The solubility of many ionic substances such as sodium chloride in ordinary liquid water is well known. What is not generally known however is that the minerals of which rocks are composed are appreciably soluble in supercritical water particularly if ammonia is also present.    Rocky minerals such as enstatite  (magnesium silicate MgSiO3 ) are not soluble in water and not appreciably soluble in solutions of ammonia in water.   However, enstatite is known to be soluble in a supercritical layer rich in water and ammonia above the critical point of water: -

H2O   +   NH3  +    MgSiO3    ®        SiO44-   +   2NH4+   +   Mg2+

It may be postulated that many other combinations of minerals containing the silicate ions, oxides ions, sulphide ions and metal ions such as Fe2+, Ca2+, Na+, K+ may well dissolve in the supercritical fluid systems that may exist in the interiors of Uranus and Neptune.

Illustration 14.1. Uranus from Voyager


Two images of Uranus taken by Voyager 2 at a distance of 9.1 million km. 17 January 1986. Acknowledgement NASA/JPL phot-library indexP-29478

The picture on the left is a composite using images from the blue, green, and orange, filters, processed to show Uranus more or less as the human eye would see it. The atmosphere is very clear, the blue-green color coming from absorption of red light by methane. The image on the right was produced using ultraviolet, violet, and orange filters to exaggerate the contrast. The dark polar hood is over the south pole of the planet. The doughnut shapes are camera blemishes.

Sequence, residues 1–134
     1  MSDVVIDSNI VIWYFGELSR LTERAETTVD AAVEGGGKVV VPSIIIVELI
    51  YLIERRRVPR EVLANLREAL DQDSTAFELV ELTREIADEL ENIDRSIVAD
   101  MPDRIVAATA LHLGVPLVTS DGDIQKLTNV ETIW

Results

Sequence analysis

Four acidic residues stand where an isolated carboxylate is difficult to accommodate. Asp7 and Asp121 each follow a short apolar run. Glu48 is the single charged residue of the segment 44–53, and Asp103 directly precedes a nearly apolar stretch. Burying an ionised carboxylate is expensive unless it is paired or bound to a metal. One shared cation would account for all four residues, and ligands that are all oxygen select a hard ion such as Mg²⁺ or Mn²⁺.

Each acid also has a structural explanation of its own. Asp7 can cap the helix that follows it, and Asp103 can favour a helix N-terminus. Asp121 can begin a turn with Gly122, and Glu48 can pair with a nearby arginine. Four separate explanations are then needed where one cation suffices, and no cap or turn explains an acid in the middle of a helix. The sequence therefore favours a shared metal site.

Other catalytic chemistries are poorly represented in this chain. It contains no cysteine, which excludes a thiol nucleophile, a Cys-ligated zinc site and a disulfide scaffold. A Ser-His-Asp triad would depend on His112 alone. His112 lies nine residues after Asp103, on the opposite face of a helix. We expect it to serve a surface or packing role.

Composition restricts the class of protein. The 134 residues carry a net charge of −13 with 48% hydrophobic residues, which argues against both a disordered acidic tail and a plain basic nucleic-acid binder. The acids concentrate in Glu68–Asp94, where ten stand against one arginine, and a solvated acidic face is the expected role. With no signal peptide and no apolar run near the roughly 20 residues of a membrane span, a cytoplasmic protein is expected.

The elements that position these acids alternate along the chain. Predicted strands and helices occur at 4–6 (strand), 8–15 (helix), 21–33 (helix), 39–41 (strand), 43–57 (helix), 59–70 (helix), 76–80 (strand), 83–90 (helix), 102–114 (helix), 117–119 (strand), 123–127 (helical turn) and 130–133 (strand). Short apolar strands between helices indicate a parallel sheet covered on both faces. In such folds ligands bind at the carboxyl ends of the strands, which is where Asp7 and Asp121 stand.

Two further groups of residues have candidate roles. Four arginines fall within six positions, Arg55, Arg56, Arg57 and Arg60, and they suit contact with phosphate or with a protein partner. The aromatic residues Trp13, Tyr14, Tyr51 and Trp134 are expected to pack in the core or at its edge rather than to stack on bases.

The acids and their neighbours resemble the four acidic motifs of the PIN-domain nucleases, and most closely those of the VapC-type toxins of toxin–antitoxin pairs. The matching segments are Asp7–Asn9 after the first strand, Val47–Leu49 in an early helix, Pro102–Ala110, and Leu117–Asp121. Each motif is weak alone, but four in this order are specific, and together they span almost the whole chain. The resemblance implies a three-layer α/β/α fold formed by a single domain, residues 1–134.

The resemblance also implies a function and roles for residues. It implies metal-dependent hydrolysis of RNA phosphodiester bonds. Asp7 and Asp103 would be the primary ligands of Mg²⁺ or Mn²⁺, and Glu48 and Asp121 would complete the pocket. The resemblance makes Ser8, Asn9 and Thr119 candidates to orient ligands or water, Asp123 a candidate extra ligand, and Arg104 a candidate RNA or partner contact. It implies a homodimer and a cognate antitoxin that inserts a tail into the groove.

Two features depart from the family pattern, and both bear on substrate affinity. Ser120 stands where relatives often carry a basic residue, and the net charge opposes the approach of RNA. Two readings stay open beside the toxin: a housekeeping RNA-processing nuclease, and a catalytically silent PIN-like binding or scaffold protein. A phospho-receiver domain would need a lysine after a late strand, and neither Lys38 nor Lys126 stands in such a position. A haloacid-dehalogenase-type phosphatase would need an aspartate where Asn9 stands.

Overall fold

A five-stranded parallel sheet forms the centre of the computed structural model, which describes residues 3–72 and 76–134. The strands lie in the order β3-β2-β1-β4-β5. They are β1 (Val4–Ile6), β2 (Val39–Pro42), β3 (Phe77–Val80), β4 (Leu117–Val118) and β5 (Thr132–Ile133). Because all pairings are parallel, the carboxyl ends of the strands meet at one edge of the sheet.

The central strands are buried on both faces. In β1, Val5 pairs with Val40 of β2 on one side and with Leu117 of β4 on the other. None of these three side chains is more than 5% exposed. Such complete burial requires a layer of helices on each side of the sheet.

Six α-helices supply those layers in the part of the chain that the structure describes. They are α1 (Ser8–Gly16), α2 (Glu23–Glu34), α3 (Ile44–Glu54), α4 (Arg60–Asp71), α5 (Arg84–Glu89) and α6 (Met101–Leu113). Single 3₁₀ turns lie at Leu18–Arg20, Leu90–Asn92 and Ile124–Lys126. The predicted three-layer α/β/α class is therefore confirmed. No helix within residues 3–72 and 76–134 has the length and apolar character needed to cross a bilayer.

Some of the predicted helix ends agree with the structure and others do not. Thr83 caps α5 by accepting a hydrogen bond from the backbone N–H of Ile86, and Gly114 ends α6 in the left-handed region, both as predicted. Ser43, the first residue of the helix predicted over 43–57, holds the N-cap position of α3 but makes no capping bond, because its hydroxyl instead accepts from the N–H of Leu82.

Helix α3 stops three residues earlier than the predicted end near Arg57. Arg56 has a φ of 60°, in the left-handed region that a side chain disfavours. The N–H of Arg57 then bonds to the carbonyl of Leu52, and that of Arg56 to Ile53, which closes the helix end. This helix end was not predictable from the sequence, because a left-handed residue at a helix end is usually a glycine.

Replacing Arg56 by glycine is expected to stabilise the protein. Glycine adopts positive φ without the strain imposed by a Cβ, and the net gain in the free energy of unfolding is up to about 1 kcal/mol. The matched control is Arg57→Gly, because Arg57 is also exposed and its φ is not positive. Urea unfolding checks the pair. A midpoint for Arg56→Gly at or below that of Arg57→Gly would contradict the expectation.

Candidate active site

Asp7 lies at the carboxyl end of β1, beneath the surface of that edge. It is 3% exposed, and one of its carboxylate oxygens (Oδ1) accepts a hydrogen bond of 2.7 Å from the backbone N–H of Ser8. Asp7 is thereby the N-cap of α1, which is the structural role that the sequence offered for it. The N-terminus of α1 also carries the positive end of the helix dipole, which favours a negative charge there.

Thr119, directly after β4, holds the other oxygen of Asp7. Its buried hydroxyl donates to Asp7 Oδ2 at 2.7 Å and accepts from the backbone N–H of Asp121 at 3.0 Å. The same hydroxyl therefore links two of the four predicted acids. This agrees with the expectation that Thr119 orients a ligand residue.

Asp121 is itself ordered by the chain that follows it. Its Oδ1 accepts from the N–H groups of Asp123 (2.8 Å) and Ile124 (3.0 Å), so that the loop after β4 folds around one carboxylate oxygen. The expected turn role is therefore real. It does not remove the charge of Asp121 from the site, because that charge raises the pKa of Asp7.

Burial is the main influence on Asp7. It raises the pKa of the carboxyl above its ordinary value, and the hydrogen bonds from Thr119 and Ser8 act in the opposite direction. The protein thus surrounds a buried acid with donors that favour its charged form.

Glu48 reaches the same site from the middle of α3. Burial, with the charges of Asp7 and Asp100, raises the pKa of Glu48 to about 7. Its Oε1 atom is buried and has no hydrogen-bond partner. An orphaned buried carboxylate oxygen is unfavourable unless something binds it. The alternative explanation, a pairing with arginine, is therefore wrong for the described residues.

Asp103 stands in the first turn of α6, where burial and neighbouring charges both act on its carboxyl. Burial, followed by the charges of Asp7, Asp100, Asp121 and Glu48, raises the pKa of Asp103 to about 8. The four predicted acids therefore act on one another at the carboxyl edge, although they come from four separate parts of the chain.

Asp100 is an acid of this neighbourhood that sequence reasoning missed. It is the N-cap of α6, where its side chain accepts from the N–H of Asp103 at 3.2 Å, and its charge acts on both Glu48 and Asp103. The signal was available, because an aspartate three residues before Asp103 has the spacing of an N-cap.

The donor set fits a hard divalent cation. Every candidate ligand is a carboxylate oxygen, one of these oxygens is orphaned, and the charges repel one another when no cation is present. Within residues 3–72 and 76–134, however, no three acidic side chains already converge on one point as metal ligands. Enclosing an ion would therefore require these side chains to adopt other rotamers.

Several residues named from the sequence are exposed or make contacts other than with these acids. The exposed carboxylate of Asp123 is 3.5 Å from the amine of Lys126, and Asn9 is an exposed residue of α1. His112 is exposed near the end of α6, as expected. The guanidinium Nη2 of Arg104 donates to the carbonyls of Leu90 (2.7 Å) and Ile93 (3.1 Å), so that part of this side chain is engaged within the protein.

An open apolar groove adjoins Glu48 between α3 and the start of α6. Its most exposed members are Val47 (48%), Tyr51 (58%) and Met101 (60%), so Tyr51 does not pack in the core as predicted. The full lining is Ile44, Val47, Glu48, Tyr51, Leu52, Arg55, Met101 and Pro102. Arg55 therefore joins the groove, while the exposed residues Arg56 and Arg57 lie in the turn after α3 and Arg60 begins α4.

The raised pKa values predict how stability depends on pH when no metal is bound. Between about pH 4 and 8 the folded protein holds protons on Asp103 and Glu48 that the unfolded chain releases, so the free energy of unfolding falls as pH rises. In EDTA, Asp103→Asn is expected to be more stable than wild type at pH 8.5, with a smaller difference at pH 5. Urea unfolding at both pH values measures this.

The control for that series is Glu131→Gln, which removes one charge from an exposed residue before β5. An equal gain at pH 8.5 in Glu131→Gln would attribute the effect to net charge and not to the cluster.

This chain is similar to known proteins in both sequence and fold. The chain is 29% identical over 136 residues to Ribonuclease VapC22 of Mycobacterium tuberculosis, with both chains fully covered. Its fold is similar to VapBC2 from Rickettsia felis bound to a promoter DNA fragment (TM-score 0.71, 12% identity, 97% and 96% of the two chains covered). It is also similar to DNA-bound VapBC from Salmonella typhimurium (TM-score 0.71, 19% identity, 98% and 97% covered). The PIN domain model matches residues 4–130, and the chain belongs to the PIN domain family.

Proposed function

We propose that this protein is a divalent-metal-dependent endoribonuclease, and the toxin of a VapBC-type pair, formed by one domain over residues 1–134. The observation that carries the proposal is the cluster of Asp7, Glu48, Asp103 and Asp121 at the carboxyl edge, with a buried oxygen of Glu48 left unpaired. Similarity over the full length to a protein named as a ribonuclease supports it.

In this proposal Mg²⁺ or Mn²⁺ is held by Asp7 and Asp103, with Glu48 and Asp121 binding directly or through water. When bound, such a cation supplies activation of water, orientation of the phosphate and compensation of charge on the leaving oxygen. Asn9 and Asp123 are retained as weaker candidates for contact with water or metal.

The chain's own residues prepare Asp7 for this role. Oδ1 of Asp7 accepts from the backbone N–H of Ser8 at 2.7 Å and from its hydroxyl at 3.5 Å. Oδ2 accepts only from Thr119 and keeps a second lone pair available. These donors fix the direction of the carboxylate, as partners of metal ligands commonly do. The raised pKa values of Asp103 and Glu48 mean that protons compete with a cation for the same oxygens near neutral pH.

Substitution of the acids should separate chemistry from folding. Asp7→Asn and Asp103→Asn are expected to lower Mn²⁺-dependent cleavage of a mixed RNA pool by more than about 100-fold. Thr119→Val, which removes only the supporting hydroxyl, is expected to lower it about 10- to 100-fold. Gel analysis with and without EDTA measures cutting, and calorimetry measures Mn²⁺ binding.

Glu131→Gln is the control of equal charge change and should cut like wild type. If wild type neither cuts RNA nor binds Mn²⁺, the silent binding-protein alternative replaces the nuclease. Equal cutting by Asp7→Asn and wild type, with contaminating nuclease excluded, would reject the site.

Illustration 14.2. Neptune.

In the summer of 1989, NASA's Voyager 2 became the first spacecraft to observe the planet Neptune, its final planetary target. Passing about 4,950 kilometers (3,000 miles) above Neptune's north pole, Voyager 2 made its closest approach to any planet since leaving Earth 12 years previously. Five hours later, Voyager 2 passed about 40,000 kilometers (25,000 miles) from Neptune's largest moon, Triton, the last solid body the spacecraft will have an opportunity to study.                       

Acknowledgements Photo Courtesy NASA/JPL